Don't Call Them "Mom & Pop"

Dale and Hermi Krueger are serious about competing for fleet maintenance business

• Technicians doing "brake patches" instead of brake rebuilds--"He'll do a brake job on a trailer, and he won't replace the drums! The drums will be all worn out and grooved, and he'll just put in brake shoes. Or he'll do a one-wheel brake job; you can't have balanced brakes when you just do one wheel, or one axle."

• Technicians who are taught that it's okay to adjust an automatic slack adjuster--"You've got an internal problem somewhere with the brake foundation that's causing this adjuster not to work. You're just covering up by trying to adjust the ASA, because in two weeks the brakes are going to be out of adjustment again."

That last problem sometimes hits close to home. "I've even had a hard time here, convincing my own guys, that you do not adjust an automatic slack adjuster," Dale admits. "When a truck comes in and needs a brake adjustment and it's got an automatic slack adjuster, do not adjust it!"


The six technicians at FMPC are a loyal group, although it can be hard to find good candidates for open positions. One new tech was hired away from a fleet last summer and only lasted three days; he felt the work at FMPC was "too technical," and he wanted to return to the fleet world, where he knew he would be working on the same trucks and the same problems day in and day out.

"He was used to filling out a PM sheet next to the truck, which is what I find a lot of my competitors do," Dale shrugs. "I hear this from new customers who come in here after having taken a truck to a dealership, and I've got technicians who have worked for dealerships; they don't physically go under the truck! They fill a sheet out at the service desk."

The Kruegers are willing to hire graduates of the local technical college's diesel program, but they feel those candidates don't receive enough real world training. "Tech schools aren't preparing technicians," Dale says. "It's all diesel training, but it's not the basics, it's not preventive maintenance."

Tech school-trained technicians are eager to do troubleshooting with a computer, Dale says, or to replace injectors, but they balk at the prospect of tearing down a truck. "I had a young man here who I trained on doing an air brake job," he says. "Well, he had had air brake training at the technical college, but they had new axles that somebody had donated to them, and when you take new axles, they're not rusted, they're going to come apart really easily. But when you get to the real world and you pull that wheel off and everything's rusted and you can't get that anchor pin out, you learn how much work it takes."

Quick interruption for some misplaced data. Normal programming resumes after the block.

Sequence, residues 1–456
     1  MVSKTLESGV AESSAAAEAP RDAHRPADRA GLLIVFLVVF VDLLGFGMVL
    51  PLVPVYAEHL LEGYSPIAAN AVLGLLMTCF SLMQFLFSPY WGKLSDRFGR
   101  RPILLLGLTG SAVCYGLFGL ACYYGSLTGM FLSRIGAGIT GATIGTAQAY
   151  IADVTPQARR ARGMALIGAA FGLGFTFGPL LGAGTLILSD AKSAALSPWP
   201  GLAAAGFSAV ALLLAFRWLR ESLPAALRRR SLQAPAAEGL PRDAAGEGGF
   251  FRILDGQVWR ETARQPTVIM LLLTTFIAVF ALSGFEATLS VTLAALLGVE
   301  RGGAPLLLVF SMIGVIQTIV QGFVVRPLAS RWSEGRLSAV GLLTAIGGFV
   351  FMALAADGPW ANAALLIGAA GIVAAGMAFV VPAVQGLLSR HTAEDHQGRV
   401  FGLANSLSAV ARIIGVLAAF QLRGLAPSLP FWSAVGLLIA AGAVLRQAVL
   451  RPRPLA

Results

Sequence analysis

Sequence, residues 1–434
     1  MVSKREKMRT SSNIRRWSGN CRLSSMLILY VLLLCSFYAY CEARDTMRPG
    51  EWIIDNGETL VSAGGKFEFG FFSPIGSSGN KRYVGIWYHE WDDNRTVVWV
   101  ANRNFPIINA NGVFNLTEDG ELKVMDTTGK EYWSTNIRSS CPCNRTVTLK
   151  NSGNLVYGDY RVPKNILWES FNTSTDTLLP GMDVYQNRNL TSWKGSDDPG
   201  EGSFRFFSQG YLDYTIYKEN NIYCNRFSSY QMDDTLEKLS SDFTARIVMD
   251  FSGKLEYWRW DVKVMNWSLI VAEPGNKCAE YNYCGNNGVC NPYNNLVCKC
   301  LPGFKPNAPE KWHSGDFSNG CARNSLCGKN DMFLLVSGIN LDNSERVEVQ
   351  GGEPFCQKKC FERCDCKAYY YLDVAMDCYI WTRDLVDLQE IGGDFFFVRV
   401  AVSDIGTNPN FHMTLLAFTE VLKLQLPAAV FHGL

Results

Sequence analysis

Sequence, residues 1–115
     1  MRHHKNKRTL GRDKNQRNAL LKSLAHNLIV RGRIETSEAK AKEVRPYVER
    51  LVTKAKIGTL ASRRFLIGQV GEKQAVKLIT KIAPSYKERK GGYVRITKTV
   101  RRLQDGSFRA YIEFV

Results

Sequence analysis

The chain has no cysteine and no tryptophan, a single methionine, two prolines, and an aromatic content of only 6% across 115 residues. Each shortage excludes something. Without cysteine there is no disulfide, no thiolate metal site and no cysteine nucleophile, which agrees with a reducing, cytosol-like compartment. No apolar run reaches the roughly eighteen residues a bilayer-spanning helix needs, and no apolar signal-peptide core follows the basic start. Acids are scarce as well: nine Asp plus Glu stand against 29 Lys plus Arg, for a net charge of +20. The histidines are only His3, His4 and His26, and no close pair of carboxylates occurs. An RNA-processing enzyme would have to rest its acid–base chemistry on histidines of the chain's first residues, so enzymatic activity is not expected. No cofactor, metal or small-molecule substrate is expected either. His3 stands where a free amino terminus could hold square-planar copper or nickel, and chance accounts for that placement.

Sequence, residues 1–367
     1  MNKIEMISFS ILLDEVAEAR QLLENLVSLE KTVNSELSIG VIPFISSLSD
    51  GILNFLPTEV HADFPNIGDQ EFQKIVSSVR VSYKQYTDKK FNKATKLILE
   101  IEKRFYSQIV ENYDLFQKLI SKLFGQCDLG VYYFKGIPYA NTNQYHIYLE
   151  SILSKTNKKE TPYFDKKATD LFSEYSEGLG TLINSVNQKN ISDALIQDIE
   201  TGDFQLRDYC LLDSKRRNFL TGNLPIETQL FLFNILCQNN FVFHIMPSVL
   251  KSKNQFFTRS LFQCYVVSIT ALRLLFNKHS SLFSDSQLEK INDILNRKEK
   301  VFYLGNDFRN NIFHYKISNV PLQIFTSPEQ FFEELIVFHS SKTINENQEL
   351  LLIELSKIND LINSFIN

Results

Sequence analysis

As a matter of course, every new technician who joins the staff works closely with one of the experienced technicians, sometimes for a number of years.

"One of our older guys will spend an afternoon with a younger guy as he does a PM inspection, then the older guy will go through with him and show him what he missed," Dale explains. "We once had an older guy follow up on a younger guy who had lubricated a truck--to me, lubricating a truck is just as important as anything we do, because I don't want our parts to wear out for the customer--and every grease fitting he had missed, he had to give the older guy a quarter!"

The Kruegers have high standards for their technicians, and some of the recruits struggle to meet those standards, but those who succeed never forget the lessons they learn. In fact, one technician who began his career at FMPC and has gone on to a maintenance position with Michels Power, a local utility construction company, has vowed that the Kruegers will always be his #1 outsourcing vendor.


With that kind of loyalty, it's not hard to understand why FMPC has just finished its best year ever without spending a cent on advertising.

When you do good work, word gets around. Michels Power, as previously mentioned, sends all its overflow maintenance work to FMPC, and has done so since the Kruegers opened their shop ten years ago. Not only has the former FMPC technician who now works for Michels sworn his undying allegiance to the Kruegers, but when a group of Michels employees left that firm to start their own competing company, they also came to FMPC for help!

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